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A Native American Perspective

Protests against the Dakota Access Pipeline were front-page news until only recently, trending skyward on social media and a hot topic of conversation around the world since last spring.

Proponents say the pipeline will create jobs, boost the economy, reduce oil imports and allow the United States to move further toward energy independence. What’s more, they say that the pipeline also will cut down on oil spills that can occur during transport (e.g., May 2015 oil-train derailment in North Dakota).

Opponents raise concerns about future water contamination, whether or not we should prioritize burning more fossil fuels, the destruction of cultural tribal lands, and the ethical issues involved.

When looking in from the outside, the situation raises questions about sustainability.

Native American tribes have always understood the importance of protecting the land that they live on. The Native American Rights Fund (NARF) states “Native Americans, Alaska Natives, and other Indigenous peoples have a long tradition of living sustainably with the natural world by understanding the importance of preserving natural resources and respecting the interdependence of all living things.”

More over, Stuart Harris, a member of the Environmental Protection Agency and the Confederated Tribes of the Umatilla Indian Reservation, gives insight to Native Americans’ viewpoint on sustainability.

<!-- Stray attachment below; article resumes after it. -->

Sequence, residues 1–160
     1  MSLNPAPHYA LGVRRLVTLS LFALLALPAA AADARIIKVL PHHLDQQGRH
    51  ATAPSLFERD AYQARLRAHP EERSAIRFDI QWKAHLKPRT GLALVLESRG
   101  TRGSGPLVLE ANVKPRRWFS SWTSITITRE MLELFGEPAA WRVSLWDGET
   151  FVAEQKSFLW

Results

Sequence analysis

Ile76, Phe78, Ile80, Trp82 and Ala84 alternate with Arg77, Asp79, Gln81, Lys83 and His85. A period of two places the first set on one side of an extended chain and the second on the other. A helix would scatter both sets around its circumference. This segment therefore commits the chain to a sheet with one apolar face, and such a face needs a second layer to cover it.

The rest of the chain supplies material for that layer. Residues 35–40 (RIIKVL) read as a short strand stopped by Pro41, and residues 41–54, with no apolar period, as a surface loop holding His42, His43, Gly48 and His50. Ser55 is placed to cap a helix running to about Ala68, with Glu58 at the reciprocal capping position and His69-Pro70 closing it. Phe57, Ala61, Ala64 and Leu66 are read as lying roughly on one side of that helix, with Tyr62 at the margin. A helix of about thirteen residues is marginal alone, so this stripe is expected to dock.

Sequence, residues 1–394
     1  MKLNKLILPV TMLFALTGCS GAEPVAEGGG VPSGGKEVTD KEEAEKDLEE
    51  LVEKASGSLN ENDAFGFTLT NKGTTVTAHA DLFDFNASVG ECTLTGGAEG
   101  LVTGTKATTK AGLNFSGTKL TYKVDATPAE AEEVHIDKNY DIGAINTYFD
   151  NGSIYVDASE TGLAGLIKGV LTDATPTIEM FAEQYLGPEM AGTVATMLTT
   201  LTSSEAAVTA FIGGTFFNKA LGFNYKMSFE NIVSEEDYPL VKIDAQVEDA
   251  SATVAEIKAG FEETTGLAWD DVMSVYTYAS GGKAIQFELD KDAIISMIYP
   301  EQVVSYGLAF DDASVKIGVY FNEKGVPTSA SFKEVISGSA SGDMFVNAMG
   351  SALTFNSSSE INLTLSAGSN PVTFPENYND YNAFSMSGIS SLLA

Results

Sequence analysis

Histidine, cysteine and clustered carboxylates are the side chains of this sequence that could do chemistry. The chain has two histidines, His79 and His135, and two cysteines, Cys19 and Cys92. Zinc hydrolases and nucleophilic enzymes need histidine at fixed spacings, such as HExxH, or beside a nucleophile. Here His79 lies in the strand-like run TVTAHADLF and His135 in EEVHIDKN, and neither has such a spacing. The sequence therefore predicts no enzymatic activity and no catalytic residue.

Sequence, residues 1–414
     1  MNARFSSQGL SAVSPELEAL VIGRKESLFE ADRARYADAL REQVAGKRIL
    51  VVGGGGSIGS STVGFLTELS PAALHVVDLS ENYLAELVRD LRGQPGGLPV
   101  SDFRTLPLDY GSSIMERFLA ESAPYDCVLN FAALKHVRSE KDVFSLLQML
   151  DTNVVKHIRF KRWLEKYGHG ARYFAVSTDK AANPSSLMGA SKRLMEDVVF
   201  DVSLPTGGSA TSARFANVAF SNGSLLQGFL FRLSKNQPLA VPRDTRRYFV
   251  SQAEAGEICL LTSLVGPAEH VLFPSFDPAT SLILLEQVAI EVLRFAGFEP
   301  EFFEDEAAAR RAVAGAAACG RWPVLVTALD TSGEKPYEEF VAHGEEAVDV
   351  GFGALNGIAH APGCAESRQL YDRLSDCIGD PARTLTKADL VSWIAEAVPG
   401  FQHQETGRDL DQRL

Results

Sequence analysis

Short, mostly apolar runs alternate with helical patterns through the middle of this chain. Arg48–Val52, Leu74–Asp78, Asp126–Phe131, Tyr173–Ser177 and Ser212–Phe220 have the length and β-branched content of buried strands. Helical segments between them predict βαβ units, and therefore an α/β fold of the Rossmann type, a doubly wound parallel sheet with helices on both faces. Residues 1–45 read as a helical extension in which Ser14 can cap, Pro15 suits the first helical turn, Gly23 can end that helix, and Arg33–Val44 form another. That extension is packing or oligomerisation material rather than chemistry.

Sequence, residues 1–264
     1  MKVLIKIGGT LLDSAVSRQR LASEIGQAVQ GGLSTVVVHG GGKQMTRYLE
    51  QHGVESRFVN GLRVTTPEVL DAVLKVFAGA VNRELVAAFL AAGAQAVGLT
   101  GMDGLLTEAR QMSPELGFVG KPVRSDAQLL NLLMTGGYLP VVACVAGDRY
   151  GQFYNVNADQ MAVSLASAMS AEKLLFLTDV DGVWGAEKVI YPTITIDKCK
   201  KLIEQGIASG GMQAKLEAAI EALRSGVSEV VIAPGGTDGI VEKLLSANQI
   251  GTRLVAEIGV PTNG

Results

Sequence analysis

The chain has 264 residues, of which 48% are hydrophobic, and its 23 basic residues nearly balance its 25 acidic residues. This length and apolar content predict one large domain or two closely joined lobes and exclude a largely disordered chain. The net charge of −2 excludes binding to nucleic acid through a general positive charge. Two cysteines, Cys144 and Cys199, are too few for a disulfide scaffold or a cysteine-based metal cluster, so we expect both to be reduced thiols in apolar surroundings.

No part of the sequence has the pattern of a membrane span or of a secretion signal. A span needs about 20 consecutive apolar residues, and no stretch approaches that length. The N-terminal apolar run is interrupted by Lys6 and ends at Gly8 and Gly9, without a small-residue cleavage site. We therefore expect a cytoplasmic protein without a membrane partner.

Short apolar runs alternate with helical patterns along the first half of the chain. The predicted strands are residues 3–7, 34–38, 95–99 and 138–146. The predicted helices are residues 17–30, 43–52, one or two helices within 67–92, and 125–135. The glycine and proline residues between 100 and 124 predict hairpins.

Harris stresses the importance of recognizing and understanding that that all pieces of all ecosystems are connected. Everything that we do changes the environment in some shape or form.

He and others, including a majority of tribes in the U.S., believe in self-restraint to prevent over-consumption of resources and limit damage to the lifestyles of future generations to come.

The Iroquois Confederacy created the Seventh Generation philosophy that “mandates that tribal decision makers consider the effects of their actions and decisions for descendants seven generations into the future.”

Native Americans have understood this for generations, as their ancestors once relied solely on what the land offered them. As their ancestors before them, they, too, want to provide a sustainable future for their descendants. 

Native Americans believe all living things have a right to fair access of necessary resources and opportunities. If other peoples will join them in this belief, it will benefit our collective future.

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